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. , A > __ .._ Never in the history of the New Zealand Parliament was there a more remarkable position than now exists. We have a Ministry kept in office by * a party which does riot believe in either its personnel or its policy, but which declines to turn it out,' solely because, while loving it not at all, it dreads and detests the Opposition, or the Reader of the Opposition. The Ministry whose existence is thus prolonged by what may be termed a negative support is, moreover, a Ministry without a visible head. There is a disorganisation of the most pronounced kind,' and the force which rallies round the Government to save its political existence declines to do anything more. It will not march at its bidding, nor execute iti commands. Already the one policy Bill which has made its appearance, the Registration of Electors" Bill, has been virtually sided, and though a want-of-confidence motion has been defeated, members, even on the Government side, have for days past been delivering speeches which betray the existence on their part of the want of confidence which they only declined to affirm lest the result should be the adventto power of politicians in whom they have still less confidence. Then, again, it has become abundantly evident, in the course of the debate on the appointment of Judge Edwards, which was curiously traversed, or was interpolated into the debate on the Financial Statement, that a large number of members are absolutely determined that the Bill to confirm that appointment shall not pass; and yet further, it transpires that a demand for a reduction of the estimates will not only be made, but that it will be supported by a sufficient number of members to render it imperative. What, then will follow? Either the Government must accept the position of bowing to the rejection of their Bills, and the modification of their finance, at the will of the House, or they must resign or appeal to the country. We can scarcely conceive that they are so lost to all consideration of their position as to accept the first alternative; and we feel quite sure that they will not accept the second. It remains that there will be but one course open to them—to dissolve the House; and we are inclined to think that a dissolution is the almost inevitable result. As that will mean that the election will be upon us sooner than was anticipated—probably in a very few weeks hence—it will be well that those whose names are not yet on the roll should see to it that they send in their claims for enrolment without any delay.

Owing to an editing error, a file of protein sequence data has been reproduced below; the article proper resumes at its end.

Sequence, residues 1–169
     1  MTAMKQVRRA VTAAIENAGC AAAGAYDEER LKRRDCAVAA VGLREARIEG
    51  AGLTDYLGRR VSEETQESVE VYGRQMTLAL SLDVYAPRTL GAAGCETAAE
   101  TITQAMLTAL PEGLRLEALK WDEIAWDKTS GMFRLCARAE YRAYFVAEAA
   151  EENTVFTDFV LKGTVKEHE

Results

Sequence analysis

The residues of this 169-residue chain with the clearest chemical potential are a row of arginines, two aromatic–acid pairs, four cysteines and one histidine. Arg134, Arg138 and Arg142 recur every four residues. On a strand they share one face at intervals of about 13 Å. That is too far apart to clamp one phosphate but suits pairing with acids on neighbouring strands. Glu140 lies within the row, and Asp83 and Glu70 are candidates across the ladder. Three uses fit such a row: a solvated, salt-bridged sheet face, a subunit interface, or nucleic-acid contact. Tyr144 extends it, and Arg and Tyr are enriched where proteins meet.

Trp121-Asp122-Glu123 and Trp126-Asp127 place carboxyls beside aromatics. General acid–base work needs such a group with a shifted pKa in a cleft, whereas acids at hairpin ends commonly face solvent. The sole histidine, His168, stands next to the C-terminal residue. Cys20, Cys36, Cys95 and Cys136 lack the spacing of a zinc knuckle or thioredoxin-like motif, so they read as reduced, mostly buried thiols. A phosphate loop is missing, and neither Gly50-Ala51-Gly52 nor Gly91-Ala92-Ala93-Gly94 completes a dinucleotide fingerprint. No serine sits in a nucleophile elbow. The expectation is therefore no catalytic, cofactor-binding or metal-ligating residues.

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Bibliographic details

THE POLITICAL POSITION., Ashburton Guardian, Volume VII, Issue 2461, 8 July 1890

Word Count

THE POLITICAL POSITION. Ashburton Guardian, Volume VII, Issue 2461, 8 July 1890